Conclusion

Therefore, if it is given away then their relationship would end and their love would take separate paths. Ultimately, the handkerchief marked the beginning and the end of the relationship because it gave Othello the proof that he needed to persecute Desdemona. Throughout the play Othello, more and more of Iago's ambitions appear to emerge. He did succeed in getting Cassio demoted, he did destroy Othello and Desdemona's relationship and he did gain money from Roderigo so overall his plan was a success. However, none of this occurred without personal losses, he killed his wife and was injured. To a certain extent this did lessen his success because in the end he sacrificed a lot and gained nothing. Othello died knowing that he was not betrayed by Desdemona, he could not gain Cassio's ranking because the job no longer existed and money is no use in prison, however he did ruin many lives. Iago mentions a variety of intentions openly however it is possible that he had darker ones that he did not expose to the audience. These may have included taking over Othello's ranking, being romantically linked to Desdemona or perhaps Othello himself considering the homosexual meaning of the play. Ultimately, it was jealousy that caused the bulk of Othello and Desdemona's misfortune however this jealousy was formed from thin air by Iago. If Othello had not been so troubled by jealousy then their relationship may have survived. In Shakespeare's Othello, the character Iago is fairly successful in fulfilling his ambitions however he did not do it purely himself. He played on others weaknesses so as to get what he wanted. His success would have been far greater if it had not caused so many casualties and fatalities. Hannah Smith March 05 1 ...read more.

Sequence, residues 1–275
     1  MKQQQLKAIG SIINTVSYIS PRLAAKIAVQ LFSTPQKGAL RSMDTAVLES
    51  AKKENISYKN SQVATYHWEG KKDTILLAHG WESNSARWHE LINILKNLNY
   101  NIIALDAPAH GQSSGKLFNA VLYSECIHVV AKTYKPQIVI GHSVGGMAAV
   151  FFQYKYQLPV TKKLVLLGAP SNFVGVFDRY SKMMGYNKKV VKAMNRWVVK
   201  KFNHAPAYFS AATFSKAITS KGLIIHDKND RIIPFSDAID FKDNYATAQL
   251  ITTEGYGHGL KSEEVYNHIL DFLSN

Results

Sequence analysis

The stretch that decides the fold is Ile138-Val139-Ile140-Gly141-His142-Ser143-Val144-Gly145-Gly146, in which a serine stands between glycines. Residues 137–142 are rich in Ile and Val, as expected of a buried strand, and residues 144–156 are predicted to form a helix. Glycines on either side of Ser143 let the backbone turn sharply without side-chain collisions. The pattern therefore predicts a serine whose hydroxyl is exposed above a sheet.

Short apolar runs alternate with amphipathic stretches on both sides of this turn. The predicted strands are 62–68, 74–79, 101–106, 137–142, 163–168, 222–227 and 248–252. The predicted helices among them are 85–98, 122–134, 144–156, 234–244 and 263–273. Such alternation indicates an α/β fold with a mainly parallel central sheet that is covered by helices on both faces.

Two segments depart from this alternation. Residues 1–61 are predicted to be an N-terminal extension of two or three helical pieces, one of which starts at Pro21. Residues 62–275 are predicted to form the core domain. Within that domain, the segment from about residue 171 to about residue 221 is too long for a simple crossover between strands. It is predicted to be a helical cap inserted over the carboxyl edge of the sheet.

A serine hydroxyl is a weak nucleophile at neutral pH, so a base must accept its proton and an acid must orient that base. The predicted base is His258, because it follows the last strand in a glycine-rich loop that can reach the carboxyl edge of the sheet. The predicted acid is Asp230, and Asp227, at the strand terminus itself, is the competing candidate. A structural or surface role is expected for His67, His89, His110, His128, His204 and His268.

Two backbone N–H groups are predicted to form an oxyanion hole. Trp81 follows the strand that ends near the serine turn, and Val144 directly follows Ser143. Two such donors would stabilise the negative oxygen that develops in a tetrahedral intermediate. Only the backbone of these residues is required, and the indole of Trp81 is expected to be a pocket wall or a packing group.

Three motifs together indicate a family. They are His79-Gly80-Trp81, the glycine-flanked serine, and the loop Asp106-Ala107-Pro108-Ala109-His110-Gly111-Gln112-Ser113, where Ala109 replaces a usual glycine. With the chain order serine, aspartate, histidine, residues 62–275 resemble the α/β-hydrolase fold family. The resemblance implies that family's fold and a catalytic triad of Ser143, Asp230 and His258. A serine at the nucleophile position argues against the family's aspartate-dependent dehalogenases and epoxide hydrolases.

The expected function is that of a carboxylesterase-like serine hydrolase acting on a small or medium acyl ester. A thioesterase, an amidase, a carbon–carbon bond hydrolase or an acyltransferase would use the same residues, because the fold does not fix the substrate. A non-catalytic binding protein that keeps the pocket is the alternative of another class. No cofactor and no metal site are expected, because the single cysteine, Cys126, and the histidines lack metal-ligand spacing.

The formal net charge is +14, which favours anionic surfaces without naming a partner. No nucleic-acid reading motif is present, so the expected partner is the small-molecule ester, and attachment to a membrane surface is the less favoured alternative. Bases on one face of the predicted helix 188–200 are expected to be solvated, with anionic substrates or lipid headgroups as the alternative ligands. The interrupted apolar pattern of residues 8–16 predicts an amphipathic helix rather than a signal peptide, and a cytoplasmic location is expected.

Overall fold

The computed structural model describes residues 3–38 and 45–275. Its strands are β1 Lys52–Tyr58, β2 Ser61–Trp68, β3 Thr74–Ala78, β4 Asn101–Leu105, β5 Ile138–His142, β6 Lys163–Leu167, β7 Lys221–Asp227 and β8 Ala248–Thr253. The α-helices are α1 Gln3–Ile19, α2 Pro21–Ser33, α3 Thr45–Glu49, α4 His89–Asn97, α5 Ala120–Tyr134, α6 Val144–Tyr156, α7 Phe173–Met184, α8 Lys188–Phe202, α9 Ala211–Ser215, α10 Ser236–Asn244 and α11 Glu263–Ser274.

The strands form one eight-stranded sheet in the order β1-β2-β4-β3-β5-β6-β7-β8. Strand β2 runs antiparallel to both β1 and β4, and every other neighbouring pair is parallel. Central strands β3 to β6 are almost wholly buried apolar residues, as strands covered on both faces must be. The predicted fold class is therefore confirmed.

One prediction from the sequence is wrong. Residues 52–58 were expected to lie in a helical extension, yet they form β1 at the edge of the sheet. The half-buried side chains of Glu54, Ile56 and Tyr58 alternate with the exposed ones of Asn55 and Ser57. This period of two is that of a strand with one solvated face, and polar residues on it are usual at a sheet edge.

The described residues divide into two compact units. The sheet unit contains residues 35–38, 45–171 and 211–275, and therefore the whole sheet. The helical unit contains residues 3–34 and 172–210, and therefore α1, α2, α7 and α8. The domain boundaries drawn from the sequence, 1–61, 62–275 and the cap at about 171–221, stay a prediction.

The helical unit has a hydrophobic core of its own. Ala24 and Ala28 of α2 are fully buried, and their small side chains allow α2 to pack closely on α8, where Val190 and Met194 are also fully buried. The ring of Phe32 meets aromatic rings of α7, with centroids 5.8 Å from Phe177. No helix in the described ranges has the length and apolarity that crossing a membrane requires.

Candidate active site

The above preview is unformatted text

This student written piece of work is one of many that can be found in our GCSE Othello section.

Found what you're looking for?

  • Start learning 29% faster today
  • 150,000+ documents available
  • Just £6.99 a month

Not the one? Search for your essay title...
  • Join over 1.2 million students every month
  • Accelerate your learning by 29%
  • Unlimited access from just £6.99 per month

See related essaysSee related essays

Related GCSE Othello essays

  1. Is Othello a 'noble hero' brought down by 'a devil of motiveless malignity' or ...

    Look to your house, your daughter and your bags! " Further on Iago comes to Brabantio's house and says to him that his daughter has been stolen, rather than saying she ran away with Othello, which reveals to us that he thinks women are the property of men.

  2. In Act III Scene III, what techniques and dramatic devices are used by Shakespeare ...

    Her name was as fresh/As Dian's visage is now begrimed and black/As mine own face". This mirrors Iago's language and comments, his language has disintegrated and is no longer decadent. It reveals that Othello confused as to whether believe Iago about his wife's adultery, however the violent tone indicates that Iago's spell is working.